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Map for Mr Pennants outline of the globe

Date: 1800
Dimensions:
Mount / Matt size: 730 × 794 mm
Medium: Handcoloured copper engraved map on paper.
Credit Line: ANMM Collection
Classification:Maps, charts and plans
Object Name: Map
Object No: 00000898

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    Description
    This map was produced for Thomas Pennant's 1774-1800 publication ‘Outline of the Globe'. Pennant was a well known and respected 18th century natural history writer who published several works on the British Isles. Outlines of the Globe was his last and grandest work.
    SignificancePennant's work is an excellent example of a genre of scientific travel writing, popular in the 18th and 19th centuries.

    The map is an important example of representations of the Australian continent that still linked Tasmania to the mainland, prior to Matthew Flinders naming Bass Strait in 1799.
    HistoryThomas Pennant (1726-1798) of Downing in Flintshire, Wales, was one of the leading British writers of natural history in the second half of the eighteenth century. His work was part geography, part natural history and part travelogue. Pennant's ‘Tours’ were detailed accounts of 'the country' he visited. Such accounts required accompanying maps that were compiled from Pennant's extensive private collection of maps.

    Pennant was also a notable antiquary, with a keen eye for topographical detail. He travelled widely in his native North Wales, in England and in Scotland and his 'Tour of Scotland' won the acclaim of contemporaries. Samuel Johnson labelled him 'the best traveller I ever read; he observes more things than anyone else does'.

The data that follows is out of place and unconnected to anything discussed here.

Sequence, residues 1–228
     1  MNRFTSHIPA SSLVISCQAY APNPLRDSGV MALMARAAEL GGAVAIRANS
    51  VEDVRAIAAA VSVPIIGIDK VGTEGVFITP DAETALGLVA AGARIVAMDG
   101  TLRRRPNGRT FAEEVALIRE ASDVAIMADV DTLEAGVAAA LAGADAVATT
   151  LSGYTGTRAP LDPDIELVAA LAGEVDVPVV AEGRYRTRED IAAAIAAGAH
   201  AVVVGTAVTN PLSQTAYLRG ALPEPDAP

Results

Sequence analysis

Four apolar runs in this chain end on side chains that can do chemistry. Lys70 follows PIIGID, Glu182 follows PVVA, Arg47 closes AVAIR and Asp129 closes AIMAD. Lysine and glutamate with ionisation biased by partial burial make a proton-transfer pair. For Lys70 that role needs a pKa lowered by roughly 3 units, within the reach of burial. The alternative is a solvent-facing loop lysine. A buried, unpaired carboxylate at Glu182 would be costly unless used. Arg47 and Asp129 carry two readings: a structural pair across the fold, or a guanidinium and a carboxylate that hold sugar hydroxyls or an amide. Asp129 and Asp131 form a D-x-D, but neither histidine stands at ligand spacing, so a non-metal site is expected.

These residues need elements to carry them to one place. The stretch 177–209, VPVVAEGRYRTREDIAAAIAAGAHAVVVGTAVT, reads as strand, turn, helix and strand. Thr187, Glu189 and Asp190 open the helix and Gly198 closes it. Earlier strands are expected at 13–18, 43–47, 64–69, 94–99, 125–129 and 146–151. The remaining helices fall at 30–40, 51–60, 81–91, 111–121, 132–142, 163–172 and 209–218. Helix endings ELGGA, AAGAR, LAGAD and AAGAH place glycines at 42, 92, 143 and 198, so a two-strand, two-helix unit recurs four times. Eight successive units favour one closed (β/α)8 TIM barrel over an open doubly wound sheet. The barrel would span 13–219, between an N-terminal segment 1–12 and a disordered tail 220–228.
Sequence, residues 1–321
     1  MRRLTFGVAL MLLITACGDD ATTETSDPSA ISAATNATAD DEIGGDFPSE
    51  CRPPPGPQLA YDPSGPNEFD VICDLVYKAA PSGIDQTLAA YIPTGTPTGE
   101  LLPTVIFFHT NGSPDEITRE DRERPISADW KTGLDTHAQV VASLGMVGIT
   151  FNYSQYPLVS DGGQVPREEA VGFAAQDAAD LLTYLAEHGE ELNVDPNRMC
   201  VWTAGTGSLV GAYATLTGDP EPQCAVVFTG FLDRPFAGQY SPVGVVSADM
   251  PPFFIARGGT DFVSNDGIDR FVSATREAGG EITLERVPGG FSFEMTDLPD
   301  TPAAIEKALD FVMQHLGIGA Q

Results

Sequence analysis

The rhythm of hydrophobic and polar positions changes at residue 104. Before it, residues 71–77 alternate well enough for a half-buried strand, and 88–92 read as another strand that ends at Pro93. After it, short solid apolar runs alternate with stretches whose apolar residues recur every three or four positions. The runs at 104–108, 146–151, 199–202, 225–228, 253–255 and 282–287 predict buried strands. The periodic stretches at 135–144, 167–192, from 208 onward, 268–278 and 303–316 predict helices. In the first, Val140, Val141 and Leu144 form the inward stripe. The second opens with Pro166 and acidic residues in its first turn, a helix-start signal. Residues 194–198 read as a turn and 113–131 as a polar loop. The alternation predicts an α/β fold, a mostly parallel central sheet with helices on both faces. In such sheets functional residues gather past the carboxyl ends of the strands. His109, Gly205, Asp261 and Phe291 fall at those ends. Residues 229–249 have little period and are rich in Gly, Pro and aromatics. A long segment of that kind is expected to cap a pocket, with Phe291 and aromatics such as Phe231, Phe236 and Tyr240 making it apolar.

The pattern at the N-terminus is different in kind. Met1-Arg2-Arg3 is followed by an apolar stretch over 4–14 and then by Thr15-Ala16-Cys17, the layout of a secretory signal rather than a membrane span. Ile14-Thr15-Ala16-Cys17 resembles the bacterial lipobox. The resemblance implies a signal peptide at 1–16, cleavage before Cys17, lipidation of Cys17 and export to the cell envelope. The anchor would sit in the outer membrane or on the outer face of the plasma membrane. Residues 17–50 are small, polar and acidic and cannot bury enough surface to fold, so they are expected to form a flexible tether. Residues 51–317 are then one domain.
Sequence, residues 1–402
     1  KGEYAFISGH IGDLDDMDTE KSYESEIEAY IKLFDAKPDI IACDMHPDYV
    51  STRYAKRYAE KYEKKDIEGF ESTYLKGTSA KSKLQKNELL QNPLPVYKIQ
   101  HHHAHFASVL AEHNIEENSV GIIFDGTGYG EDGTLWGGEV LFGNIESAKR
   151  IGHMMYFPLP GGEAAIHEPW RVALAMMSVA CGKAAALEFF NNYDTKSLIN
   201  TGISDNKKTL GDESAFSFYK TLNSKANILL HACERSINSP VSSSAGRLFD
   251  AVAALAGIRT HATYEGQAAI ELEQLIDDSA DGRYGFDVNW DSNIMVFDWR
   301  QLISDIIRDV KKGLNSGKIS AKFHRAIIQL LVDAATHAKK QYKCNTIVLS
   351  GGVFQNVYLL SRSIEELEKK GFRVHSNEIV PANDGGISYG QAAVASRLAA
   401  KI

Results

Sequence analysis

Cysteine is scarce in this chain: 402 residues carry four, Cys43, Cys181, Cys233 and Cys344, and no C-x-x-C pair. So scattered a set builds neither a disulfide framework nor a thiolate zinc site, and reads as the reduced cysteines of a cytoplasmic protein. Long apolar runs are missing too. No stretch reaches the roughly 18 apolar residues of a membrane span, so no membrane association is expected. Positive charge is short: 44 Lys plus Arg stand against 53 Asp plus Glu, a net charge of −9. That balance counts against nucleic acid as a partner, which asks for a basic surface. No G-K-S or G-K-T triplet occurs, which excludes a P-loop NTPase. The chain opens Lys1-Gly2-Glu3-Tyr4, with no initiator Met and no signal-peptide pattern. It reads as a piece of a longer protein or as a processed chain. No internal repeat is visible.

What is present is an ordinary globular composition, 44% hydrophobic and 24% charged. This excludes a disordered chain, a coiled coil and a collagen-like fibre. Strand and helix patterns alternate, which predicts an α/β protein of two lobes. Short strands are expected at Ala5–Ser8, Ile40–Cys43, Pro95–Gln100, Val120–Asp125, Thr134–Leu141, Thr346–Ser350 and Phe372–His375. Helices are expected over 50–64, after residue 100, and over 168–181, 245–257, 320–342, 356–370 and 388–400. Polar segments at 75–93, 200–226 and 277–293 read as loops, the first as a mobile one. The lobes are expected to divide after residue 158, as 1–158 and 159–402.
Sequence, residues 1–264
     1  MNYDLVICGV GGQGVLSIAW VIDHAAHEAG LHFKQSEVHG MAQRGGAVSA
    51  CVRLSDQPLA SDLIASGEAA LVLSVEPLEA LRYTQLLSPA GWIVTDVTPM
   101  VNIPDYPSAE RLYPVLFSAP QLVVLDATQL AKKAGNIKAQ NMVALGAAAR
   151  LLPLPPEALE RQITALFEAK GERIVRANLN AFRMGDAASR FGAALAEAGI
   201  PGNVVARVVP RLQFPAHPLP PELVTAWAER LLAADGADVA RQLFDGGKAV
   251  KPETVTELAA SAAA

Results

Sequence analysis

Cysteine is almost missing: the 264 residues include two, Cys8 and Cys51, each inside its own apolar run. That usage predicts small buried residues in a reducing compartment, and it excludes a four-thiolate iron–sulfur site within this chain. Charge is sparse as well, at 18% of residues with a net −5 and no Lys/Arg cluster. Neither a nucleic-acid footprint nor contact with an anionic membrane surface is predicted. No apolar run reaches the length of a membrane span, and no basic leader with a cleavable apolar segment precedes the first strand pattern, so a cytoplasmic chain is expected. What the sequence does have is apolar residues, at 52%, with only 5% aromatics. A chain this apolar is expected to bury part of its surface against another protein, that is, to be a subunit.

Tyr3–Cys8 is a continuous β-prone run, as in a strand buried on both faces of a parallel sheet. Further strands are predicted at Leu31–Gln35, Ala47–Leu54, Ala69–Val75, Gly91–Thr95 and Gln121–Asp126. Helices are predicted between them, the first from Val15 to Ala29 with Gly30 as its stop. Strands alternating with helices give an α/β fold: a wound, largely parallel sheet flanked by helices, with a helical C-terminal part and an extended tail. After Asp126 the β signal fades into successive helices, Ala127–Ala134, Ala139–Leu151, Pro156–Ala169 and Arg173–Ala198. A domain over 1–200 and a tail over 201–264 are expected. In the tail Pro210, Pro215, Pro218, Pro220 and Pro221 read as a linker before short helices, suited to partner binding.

In 1750, his account of an earthquake appeared in the Philosophical Transactions of the Royal Society. In 1757, at the instance of Carolus Linnaeus, he was elected a member of the Royal Swedish Society of Sciences. In 1766 he published the first part of his British Zoology. In 1767 he was elected a fellow of the Royal Society.

    In 1769 he published A Tour in Scotland, which proved remarkably popular and was followed in 1774 by an account of another journey in Scotland, in two volumes. In 1778 he brought out a similar Tour in Wales, which was followed by a Journey to Snowdon.

    In 1783, he was elected a foreign member of the Royal Swedish Academy of Sciences. In 1782 he published a Journey from Chester to London. He brought out Arctic Zoology in 1785-1787. In 1790 his Account of London was published, which went through a large number of editions.

    In his later years Pennant was engaged on the most ambitious of all his large scale projects, Outline of the Globe. Of the twenty planned volumes, volumes one and two appeared in 1798, and three and four, edited by his son David Pennant, after his father's death, in 1800.

    This map compiles the cartographic material for the Dutch explorers in Western Australia, Abel Tasman in Tasmania and James Cook the eastern coastline.

    Additional Titles

    Primary title: Map for Mr Pennants outline of the globe

    Web title: Map for Mr Pennants outline of the globe

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